5. Madassery S et al: Role of stent grafts and helical-woven bare-metal stents in the superficial femoral and popliteal arteries. Tech Vasc Interv Radiol. 19(2):153-62, 2016
                            6. Lee MS et al: Comparison of diabetic and non-diabetic patients undergoing endovascular revascularization for peripheral arterial disease. J Invasive Cardiol. 27(3):167-71, 2015
                            7. Bausback Y et al: Outback catheter for femoropopliteal occlusions: immediate and long-term results. J Endovasc Ther. 18(1):13-21, 2011
                            8. Fanelli F et al: Retrograde popliteal access in the supine patient for recanalization of the superficial femoral artery: initial results. J Endovasc Ther. 18(4):503-9, 2011
                            9. Pappy R et al: Retrograde access via the popliteal artery to facilitate the re-entry technique for recalcitrant superficial femoral artery chronic total occlusions. Catheter Cardiovasc Interv. 78(4):625-31, 2011
                            10. Schneider JR et al: Results with Viabahn-assisted subintimal recanalization for TASC C and TASC D superficial femoral artery occlusive disease. Vasc Endovascular Surg. 45(5):391-7, 2011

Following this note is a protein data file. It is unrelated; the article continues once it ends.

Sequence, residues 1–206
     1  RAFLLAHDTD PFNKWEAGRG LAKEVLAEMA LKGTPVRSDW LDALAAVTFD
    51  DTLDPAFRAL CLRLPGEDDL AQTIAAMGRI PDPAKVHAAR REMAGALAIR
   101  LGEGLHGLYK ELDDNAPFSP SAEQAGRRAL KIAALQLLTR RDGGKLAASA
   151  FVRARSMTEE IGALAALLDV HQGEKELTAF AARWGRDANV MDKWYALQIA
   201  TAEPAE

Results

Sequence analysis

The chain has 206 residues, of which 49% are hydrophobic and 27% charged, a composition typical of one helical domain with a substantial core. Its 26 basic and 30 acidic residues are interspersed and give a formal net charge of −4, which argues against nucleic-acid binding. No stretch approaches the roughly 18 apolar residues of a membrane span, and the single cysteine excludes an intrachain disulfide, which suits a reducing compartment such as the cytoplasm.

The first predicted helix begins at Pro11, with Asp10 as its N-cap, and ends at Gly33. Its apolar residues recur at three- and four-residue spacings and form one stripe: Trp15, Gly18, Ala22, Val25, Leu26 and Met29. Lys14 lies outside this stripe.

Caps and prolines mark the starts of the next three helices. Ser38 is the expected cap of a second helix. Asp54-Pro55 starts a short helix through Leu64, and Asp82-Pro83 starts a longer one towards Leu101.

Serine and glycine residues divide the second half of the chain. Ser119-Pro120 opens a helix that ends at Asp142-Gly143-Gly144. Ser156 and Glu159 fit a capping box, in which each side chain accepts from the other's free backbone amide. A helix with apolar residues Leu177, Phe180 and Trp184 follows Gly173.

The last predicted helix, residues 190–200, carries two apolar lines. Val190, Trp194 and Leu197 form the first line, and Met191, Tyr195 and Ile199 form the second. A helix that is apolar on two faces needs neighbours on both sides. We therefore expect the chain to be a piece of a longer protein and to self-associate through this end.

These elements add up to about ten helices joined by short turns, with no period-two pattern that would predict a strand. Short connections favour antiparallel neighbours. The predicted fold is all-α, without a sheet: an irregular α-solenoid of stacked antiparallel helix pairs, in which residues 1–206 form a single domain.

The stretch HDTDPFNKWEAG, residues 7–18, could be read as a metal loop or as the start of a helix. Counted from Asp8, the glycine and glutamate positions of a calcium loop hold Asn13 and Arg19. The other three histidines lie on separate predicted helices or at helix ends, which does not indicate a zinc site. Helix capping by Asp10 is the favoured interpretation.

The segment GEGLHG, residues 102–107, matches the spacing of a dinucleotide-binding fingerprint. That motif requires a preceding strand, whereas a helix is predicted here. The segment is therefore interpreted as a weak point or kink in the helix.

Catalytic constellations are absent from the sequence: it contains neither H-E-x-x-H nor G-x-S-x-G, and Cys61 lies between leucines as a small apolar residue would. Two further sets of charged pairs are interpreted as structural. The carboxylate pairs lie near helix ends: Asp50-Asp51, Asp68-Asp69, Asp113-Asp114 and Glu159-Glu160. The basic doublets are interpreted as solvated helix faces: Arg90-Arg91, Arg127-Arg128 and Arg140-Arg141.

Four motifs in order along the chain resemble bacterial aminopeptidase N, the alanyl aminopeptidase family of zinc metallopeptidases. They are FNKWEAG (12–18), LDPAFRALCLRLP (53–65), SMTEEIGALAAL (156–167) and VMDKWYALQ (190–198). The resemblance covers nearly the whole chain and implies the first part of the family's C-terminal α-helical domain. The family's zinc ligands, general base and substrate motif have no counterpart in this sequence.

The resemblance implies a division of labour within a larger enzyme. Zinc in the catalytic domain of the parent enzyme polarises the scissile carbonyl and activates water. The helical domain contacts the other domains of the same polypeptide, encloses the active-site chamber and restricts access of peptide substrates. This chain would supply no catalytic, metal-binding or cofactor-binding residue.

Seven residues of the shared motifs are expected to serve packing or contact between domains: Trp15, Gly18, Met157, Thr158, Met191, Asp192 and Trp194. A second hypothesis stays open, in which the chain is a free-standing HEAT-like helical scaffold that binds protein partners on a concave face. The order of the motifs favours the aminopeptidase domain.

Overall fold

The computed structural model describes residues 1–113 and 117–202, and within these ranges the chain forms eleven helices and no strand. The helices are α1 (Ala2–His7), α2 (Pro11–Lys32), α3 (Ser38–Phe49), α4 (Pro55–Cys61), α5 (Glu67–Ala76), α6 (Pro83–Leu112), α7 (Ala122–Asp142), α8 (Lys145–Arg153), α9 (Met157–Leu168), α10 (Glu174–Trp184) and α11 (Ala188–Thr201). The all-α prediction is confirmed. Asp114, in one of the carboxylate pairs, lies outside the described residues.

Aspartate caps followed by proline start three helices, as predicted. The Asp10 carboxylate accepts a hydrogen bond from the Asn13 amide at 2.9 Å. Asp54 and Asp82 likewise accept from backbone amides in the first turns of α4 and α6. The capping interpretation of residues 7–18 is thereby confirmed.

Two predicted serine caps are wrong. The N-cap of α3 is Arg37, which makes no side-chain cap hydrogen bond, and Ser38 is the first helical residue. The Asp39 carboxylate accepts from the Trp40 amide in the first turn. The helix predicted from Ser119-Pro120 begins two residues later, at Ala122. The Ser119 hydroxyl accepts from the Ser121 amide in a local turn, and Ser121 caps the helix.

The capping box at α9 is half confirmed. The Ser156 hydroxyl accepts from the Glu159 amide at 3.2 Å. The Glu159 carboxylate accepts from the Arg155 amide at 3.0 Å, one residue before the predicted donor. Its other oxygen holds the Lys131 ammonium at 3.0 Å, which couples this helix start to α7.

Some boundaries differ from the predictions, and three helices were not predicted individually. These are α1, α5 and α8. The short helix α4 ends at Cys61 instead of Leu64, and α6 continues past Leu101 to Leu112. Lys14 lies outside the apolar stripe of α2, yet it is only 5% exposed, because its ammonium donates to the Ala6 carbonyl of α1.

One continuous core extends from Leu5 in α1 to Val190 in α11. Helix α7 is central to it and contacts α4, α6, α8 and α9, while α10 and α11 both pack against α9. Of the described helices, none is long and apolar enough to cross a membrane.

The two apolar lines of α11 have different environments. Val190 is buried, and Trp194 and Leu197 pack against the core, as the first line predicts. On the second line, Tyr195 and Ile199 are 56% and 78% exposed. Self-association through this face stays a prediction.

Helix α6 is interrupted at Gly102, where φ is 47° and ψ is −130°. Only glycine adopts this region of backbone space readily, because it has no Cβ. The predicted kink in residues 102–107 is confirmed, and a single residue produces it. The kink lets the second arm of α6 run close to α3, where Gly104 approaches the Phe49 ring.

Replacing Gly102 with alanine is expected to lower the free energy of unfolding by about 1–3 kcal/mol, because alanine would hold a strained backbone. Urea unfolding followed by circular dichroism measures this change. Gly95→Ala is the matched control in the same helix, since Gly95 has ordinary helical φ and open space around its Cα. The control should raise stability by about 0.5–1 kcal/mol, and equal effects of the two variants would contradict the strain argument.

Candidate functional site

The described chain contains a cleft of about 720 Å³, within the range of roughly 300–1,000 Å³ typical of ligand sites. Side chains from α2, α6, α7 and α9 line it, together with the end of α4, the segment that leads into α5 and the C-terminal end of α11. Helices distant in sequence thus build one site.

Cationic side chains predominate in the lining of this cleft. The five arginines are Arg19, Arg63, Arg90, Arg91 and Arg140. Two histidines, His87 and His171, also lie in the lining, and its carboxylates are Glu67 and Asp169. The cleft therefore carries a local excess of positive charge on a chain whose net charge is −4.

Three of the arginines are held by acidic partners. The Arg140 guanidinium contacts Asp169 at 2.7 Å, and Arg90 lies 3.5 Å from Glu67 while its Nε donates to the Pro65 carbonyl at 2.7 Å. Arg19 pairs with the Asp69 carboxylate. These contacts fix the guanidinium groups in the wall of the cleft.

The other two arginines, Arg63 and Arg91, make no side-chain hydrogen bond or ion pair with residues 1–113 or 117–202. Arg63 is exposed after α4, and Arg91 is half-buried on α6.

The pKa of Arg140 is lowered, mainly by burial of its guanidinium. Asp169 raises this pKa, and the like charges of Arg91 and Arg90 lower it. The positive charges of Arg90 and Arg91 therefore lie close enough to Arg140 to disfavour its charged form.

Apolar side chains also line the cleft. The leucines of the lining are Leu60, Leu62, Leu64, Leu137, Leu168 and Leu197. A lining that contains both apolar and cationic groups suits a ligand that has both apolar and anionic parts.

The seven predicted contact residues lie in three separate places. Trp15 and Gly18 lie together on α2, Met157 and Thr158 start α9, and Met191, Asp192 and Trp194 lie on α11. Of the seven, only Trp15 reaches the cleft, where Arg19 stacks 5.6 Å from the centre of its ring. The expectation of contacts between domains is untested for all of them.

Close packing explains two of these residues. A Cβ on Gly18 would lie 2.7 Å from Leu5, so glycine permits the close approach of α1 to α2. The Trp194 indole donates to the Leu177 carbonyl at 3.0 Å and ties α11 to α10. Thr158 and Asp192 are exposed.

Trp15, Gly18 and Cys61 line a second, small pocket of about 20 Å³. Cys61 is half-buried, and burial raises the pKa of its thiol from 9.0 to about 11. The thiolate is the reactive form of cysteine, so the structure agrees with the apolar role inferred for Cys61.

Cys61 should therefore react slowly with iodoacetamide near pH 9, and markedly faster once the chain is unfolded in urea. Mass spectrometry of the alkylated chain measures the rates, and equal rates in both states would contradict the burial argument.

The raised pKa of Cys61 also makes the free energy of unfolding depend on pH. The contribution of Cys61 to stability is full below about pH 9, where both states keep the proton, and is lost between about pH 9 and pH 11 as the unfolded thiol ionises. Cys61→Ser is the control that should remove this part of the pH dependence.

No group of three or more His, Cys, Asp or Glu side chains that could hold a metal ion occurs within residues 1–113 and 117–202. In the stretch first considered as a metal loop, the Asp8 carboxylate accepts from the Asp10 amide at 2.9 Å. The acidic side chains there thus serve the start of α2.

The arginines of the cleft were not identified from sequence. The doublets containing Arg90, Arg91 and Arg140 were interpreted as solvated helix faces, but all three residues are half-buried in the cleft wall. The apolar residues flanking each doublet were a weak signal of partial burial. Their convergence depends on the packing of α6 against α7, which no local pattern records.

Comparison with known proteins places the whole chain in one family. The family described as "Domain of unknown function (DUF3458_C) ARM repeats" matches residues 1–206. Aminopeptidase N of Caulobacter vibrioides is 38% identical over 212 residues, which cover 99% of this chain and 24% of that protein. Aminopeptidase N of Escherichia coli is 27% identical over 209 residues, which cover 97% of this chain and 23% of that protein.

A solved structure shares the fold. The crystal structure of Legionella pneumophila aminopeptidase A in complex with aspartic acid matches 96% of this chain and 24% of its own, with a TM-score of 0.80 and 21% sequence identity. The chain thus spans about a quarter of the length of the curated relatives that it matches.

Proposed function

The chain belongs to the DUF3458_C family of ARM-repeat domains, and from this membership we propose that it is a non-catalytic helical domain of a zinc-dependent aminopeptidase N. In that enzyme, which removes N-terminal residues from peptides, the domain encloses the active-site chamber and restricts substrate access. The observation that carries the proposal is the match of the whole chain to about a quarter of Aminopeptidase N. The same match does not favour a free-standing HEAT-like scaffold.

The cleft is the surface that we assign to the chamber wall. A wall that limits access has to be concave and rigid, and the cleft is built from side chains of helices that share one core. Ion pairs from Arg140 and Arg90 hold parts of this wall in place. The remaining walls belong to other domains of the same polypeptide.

11. Gandini R et al: The "Safari" technique to perform difficult subintimal infragenicular vessels. Cardiovasc Intervent Radiol. 30(3):469-73, 2007
                            12. Spinosa DJ et al: Subintimal arterial flossing with antegrade-retrograde intervention (SAFARI) for subintimal recanalization to treat chronic critical limb ischemia. J Vasc Interv Radiol. 16(1):37-44, 2005
                            13. Bolia A et al: Recanalisation of femoro-popliteal occlusions: improving success rate by subintimal recanalisation. Clin Radiol. 40(3):325, 1989
                            Related Anatomy
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                            Related Differential Diagnoses
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                            References
                            Tables

                            Tables

                            KEY FACTS

                            • Terminology

                              • Procedure

                                • Post Procedure

                                  TERMINOLOGY

                                  • Definitions

                                    • Chronic total occlusion (CTO): Complete arterial blockage (e.g., > 99%); usually due to atherosclerosis
                                      • Typically present for > 3 months
                                        • Characterized by fibrous cap; varying degrees of hard and soft plaque
                                      • In peripheral artery disease (PAD), occlusion predominates over stenosis
                                        • Predominance due to limited collaterals
                                    • Chronic total venous occlusion: Complete venous blockage; usually due to chronic thrombosis